Review: Being Someone by Adrian Harvey.

Being Someone

Number of pages: 255
Read between: 28th December- 11th January 2016
Publisher: Urbane Publications
Synopsis: James has fallen through life, plotting a course of least resistance, taking each day as it comes and waiting for that indefinable something to turn up, to give his story meaning. His journey lacks on vital element,  a fellow traveller. Then he meets Lainey. Confident. Beautiful. Captivating. And James rewrites himself to win her heart. Lainey gives James a reason to grow, paints a bright future, promises the happy ending he has sought so keenly. But when we discover we can live the greatest story of all, are we able to share the pages with someone else? Being Someone is an emotive tale of love, of self-discovery and adventure a story of the eternal search for happiness in another, without ultimately losing ourselves.

2016 Reading Challenge: A book about a culture you’re unfamiliar with (India)

I got this book from Lizzy as a give-away prize, so I was really interested to get around to reading it.

Being Someone is first and foremost a book about journeys, both literally, through travel, but also as a demonstration of the journey of relationships, and the fatality that undoubtedly,will eventually come with it.

The book opens with the story of Iravatha and Annayya, an elephant and his beloved mahout, and their relationship as Annayya rears his elephant from a calf, until unfortunatley, he meets a tragic end, leaving Iravatha to be burdened with grief. At first I didn’t understand what the story of the two of them at first, but it became clear to me as a reader that there was a slight element of foreshadowing. James, the main character, ends up with a burden of a broken relationship. The non-linear way that the story of Iravatha and Annayya was filtered throughout the story, related to other elements of the story.

I actually really liked this book. Firstly, the contrast between India and London not only proved how different the cultures are, and what a perfect getaway India was, but also provided insight into a culture I was unfamiliar with, now I feel I know it better, especially the importance of elephants, something I hadn’t really considered. Secondly, I really enjoyed the male perspective. It was a welcome change in terms of the emotions the character was broadcasting through the narration- although James gets heart broken, rather than become a mess, he decided to travel to places that once made him happy (although he becomes a chain smoker in the process- but no snotty crying!)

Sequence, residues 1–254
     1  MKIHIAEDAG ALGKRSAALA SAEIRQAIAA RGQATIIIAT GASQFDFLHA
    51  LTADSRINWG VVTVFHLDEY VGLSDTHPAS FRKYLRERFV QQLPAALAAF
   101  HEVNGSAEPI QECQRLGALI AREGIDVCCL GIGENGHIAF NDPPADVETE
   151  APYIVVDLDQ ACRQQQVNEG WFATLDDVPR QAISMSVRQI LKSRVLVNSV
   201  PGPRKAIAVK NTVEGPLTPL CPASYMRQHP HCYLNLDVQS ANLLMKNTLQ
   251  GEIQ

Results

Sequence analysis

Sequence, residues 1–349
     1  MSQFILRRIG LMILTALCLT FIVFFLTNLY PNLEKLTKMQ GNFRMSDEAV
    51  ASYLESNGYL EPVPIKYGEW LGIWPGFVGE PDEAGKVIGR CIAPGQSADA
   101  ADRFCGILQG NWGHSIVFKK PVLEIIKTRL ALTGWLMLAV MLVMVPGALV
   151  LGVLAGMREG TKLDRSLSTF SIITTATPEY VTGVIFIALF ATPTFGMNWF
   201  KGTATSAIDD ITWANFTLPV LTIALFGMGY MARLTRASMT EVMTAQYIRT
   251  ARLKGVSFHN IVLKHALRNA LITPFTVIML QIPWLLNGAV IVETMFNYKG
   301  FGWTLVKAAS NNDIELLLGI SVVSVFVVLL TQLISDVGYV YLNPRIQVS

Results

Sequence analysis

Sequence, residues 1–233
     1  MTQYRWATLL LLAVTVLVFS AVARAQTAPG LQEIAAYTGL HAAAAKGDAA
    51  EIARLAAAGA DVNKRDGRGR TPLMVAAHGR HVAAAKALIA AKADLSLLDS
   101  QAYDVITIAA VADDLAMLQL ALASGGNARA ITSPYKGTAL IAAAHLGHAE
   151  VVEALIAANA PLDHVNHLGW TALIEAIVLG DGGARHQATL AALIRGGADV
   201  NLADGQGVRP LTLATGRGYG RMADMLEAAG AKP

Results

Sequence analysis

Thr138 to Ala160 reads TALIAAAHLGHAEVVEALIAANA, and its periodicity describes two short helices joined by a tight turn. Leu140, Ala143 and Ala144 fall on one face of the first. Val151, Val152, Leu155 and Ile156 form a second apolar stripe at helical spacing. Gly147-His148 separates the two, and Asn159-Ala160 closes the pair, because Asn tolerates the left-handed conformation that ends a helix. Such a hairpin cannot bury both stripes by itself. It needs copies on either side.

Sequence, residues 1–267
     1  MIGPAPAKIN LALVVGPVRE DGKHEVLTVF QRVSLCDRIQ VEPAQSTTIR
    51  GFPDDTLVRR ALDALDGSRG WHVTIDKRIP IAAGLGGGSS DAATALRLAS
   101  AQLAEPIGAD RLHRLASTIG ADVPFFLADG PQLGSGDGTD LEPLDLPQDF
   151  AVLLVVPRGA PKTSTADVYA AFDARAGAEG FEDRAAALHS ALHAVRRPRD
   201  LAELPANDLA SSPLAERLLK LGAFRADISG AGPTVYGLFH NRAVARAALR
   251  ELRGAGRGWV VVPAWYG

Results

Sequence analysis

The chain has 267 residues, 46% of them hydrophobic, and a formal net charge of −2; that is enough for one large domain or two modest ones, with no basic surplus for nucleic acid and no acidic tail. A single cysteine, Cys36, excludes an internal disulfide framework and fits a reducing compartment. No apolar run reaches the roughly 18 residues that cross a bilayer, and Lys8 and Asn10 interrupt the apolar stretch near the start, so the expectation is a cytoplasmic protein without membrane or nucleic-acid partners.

The writing style is really easy to read too, I admit, it did take me a while to get into but then I didn’t want to put it down! I really wanted to follow James and Lainey, his beautiful American wife, throughout their relationship. They really seemed to click and it was written so well, I really believed I was glimpsing a snapshot of a real relationship. I think this is why I became so angry at James when he did what he did, Lainey didn’t deserve his actions, and from then on my view changes of him- he seemed intelligent and caring to start off with, and then he became self-absorbed nearer the end. In my opinion anyway.

At the end of the novel, the narrative voice changes to Lainey’s. I liked this touch. We get to know her feelings on the situation, she isn’t just a character in James’s background anymore, she’s a person. I was pleased she never let what happened get to her- James cheated on her, she divorced him, but it didn’t mean her life was over. I have a feeling if Lainey had been written by a female writer, in a contemporary novel, the outcome might have been a little different. I like that she remained strong, like she didn’t need her friends comfort to get over James, she did it all on her own.

Genuinely surprised how much I enjoyed a novel that I wouldn’t normally choose to read myself. So, thank you Lizzy for letting me enjoy it as much as you did!

4/5 stars.

I can’t wait to see what Adrian Harvey writes next.

Thanks for reading, and I hope you enjoyed the review.
Let me know if you’ve read this book, or anything similar, or might consider reading it.




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